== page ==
Data Wildly Underestimates Strength of Recovery

According to the GLVAR, “Available” SFR is steady. In fact, the LVRJ helpfully publishes a graph showing inventory rising slowly from January to April.

Nothing could be farther from the truth.

The flaw in the analysis of the data is that they include in their count of “Available” units all Contingent Sales and all Pending Sales.

Think about that for a moment. That means that no matter how much growth sales activity there was in the last 90 days, almost none of that transactional volume will show up as a reduction in available SFR.

The way the data is collected assumes an astonishingly pessimistic conclusion: that none of those units will close.

Although this pessimistic assumption has long been a part of the data protocol, it is only recently that it has lead to particularly inaccurate conclusions.

That’s because there has been a surge in transactional activity that has not yet closed.

This simple comparison shows with numbers how inaccurate the analysis is:

Date Number of SFR truly available (ER, EA) Number of SFR, including Contingent (C) and Pending (P)
4/11/2008 18,101 22,514
5/6/2008 17,424 22,736

In a 25 day period ending yesterday, the number of SFR units that a buyer had to choose from in Las Vegas declined a tremendously strong 3.7%. If you annualize that rate, you get a 54% reduction in inventory over a one year period.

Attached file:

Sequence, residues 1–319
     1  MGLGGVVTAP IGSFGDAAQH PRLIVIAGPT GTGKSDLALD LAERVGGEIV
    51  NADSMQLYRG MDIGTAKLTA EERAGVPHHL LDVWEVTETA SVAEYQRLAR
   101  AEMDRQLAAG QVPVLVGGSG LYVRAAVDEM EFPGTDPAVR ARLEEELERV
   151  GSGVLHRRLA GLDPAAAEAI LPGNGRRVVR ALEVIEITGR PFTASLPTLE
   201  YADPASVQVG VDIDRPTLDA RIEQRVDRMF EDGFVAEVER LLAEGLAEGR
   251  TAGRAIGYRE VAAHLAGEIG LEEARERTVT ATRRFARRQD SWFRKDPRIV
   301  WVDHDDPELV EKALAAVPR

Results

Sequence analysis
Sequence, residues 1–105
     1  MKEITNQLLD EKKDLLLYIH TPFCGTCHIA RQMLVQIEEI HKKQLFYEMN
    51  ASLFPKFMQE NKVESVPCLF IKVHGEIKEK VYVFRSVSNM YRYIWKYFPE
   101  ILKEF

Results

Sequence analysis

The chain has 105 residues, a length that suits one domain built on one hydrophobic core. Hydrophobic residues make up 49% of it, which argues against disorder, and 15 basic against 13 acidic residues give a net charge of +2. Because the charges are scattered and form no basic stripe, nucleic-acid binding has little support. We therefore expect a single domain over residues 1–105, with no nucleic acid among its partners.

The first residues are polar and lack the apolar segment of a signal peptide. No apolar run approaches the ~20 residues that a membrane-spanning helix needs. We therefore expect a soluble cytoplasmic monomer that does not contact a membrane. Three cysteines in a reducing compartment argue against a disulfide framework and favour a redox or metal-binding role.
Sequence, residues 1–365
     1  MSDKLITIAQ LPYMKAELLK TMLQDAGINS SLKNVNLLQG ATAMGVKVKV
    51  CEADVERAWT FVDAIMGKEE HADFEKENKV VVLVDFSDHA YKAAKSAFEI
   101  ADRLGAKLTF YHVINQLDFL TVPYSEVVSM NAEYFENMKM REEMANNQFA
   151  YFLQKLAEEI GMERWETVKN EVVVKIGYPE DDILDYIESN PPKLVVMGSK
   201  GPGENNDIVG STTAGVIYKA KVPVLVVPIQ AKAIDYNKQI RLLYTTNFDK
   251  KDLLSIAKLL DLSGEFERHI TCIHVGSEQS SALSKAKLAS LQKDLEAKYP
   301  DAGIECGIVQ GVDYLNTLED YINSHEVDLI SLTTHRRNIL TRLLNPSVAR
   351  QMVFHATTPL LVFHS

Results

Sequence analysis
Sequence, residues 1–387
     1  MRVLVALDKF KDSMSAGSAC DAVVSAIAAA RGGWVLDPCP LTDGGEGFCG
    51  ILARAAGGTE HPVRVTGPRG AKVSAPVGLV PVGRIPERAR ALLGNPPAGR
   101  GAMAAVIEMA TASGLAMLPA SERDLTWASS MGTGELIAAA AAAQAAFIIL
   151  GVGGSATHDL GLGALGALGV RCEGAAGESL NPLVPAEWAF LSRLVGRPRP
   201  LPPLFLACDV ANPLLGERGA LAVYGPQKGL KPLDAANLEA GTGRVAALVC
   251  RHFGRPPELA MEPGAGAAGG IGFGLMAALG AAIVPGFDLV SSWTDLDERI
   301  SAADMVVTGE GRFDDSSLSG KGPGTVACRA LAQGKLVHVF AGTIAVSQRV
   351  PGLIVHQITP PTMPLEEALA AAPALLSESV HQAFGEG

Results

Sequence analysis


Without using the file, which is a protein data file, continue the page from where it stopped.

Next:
Want to see an independent corroboration of these much more positive numbers? Check this out, from the Wall Street Journal.

[chart]

What became of those 676 units that were removed from ER/EA status in that window?

Some were withdrawn. Some expired.

But most were sold. You can tell that because of the surge in Contingent and Pending status units during the same timeframe. Contingent and Pending units jumped from 4,413, to 5,312.

I am not known for frothing at the mouth and using crazed adjectives. But that jump is amazing! It’s astonishing! It’s stupendous!

Sweet Jesus! That’s a 20.4% increase in just 25 days! Annualize those puppies, and you find that sales are rising at a nearly 300% per year rate.

Are some of those contingent sales doomed to failure? Sure. Some of them will fail because buyers can’t sell their house and some will fail because bankers won’t approve a short sale.

But even if that number was cut in half, it would still represent a tremendous surge in buying activity.

But wait, there’s more!

Guess how many units changed to SOLD status in that same 25 day period?

1531. That means that out of the 4,413 Pending and Contingent units that existed as of 4/11/2008, more than a third of them closed in the next 25 days. So that makes the current count of 5,312 Pending and Contingent even more impressive. If you include all of the Pending and Contingent Units that either Closed in the last 25 days or are still Pending and Contingent, you have to add the 1,531 and the 5,312 together and you get nearly 7,000 transactions!

Inventory, REAL inventory has been declining since last September.

Specifically, on 9/26/2007, there were 22585 SFR’s in EA or ER status. Compare that to today’s count: 17,400. That means that there are 5000 fewer houses on the market than just 6 months ago.

There isn’t another place in the entire country that is showing anything remotely similar to the dropping inventory rate of Las Vegas.

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